Free reports not easy on NTIS

Need a copy of the 1996 U.S. Catfish Health and Production Practices report? You can download it from the Agriculture Department's World Wide Web site,

Statistics on hate crimes are easily available from the FBI's Web site. And auto crash test results are a few clicks away at the Transportation Department's site.

The Internet has made finding government research reports simple and free. And that's great for people who need government information. But it's not so great for a 55-year-old federal agency that made a modest profit selling government reports to the public.

The National Technical Information Service, a branch of the Commerce Department, was set up in 1945 to be the "permanent repository and principal disseminator of scientific, technical and engineering information" generated by government agencies. For nearly six decades, the agency has dutifully collected other agencies' research reports, archived them and provided copies to anyone willing to pay the asking price, plus handling.

Since 1988, the agency has been required to earn at least enough money to pay for itself. At first that wasn't hard: NTIS generated a $5.8 million net profit from 1988 to 1994. But as more and more agencies have put their research reports on the Internet, free for all to download, NTIS earnings have dwindled.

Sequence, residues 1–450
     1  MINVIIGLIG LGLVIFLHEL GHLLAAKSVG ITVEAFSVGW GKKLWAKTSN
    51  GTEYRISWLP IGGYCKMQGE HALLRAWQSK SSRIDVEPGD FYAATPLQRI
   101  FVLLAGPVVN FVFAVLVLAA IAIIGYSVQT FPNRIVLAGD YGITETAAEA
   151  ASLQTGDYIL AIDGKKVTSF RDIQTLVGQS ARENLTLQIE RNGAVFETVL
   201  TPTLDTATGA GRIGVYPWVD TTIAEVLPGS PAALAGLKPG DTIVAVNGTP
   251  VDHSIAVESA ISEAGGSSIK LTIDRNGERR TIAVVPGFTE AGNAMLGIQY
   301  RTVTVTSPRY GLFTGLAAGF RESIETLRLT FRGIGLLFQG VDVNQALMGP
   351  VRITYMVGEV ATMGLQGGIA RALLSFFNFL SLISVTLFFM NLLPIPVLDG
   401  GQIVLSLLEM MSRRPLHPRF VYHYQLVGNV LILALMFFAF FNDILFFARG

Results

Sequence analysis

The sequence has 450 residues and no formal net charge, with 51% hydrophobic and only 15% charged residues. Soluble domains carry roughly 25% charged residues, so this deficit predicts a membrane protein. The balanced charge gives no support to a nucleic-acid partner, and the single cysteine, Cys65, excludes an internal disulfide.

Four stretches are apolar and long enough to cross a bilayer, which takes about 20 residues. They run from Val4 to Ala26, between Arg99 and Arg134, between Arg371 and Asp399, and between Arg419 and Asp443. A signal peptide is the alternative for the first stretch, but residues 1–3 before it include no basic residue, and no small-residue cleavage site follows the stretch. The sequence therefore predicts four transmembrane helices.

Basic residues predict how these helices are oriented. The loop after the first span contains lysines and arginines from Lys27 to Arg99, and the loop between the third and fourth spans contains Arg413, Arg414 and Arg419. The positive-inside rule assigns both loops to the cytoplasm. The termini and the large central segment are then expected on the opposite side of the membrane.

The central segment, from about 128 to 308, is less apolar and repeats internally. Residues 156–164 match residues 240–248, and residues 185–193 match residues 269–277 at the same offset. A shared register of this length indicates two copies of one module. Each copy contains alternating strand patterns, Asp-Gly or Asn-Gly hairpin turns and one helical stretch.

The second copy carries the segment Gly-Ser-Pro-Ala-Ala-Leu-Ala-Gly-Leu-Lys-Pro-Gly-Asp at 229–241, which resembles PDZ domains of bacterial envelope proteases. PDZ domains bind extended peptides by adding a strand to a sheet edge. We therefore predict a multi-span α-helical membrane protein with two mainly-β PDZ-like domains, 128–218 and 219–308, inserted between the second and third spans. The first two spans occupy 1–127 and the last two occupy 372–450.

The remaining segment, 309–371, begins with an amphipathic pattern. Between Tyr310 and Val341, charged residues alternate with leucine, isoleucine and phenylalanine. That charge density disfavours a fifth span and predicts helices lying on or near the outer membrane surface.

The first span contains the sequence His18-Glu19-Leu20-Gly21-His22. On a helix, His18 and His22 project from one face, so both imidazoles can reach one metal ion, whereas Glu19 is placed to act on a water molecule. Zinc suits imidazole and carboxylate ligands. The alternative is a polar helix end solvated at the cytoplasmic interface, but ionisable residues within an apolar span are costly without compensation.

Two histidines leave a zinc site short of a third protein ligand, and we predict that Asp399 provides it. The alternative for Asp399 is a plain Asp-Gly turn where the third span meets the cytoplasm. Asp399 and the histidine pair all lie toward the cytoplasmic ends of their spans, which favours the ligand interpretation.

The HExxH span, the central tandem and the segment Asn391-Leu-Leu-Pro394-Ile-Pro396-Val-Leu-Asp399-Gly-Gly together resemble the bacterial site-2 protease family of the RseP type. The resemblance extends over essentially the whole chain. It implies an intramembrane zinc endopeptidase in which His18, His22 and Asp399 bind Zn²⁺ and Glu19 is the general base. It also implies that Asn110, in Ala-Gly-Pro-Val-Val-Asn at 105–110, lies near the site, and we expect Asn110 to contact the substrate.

From 1995 to 1999, NTIS showed a $4.2 million loss, and sales of research reports dropped 28 percent and the number of reports sent to NTIS for distribution declined by 51 percent. After losing $1.3 million in 1998, NTIS cut its staff from 337 to 255 and managed a $600,000 profit for 1999.

With further losses looming, some members of Congress wonder whether it's time to do away with the agency.

Commerce says yes and has drafted legislation to do so. In a letter to the General Accounting Office in June, deputy Commerce secretary Robert Mallett wrote that "NTIS, as currently structured, is not viable." He urged Congress to "review its mission in the age of the Internet."

And GAO, which conducts investigations for Congress, predicts that NTIS will be insolvent after 2003.

But shutting down the agency down would mean other agencies would have to take over the administration of 55 years' worth of government research reports. And several agencies considered for that task, including the Library of Congress, the Government Printing Office and the National Archives and Records Administration, have told GAO that they would need bigger budgets to take on the extra work.

Other NTIS services also would have to be reassigned. For example, NTIS hosts the Internal Revenue Service's Web pages and operates an online foreign news service that features news translated each day by the CIA.

So far, legislation to eliminate the NTIS has not been introduced, said Michael Brostek of GAO. And in a report to Congress, Brostek said that lawmakers should reassess whether the NTIS is needed, and if it is, whether it should still be required to operate as a self-supporting entity.


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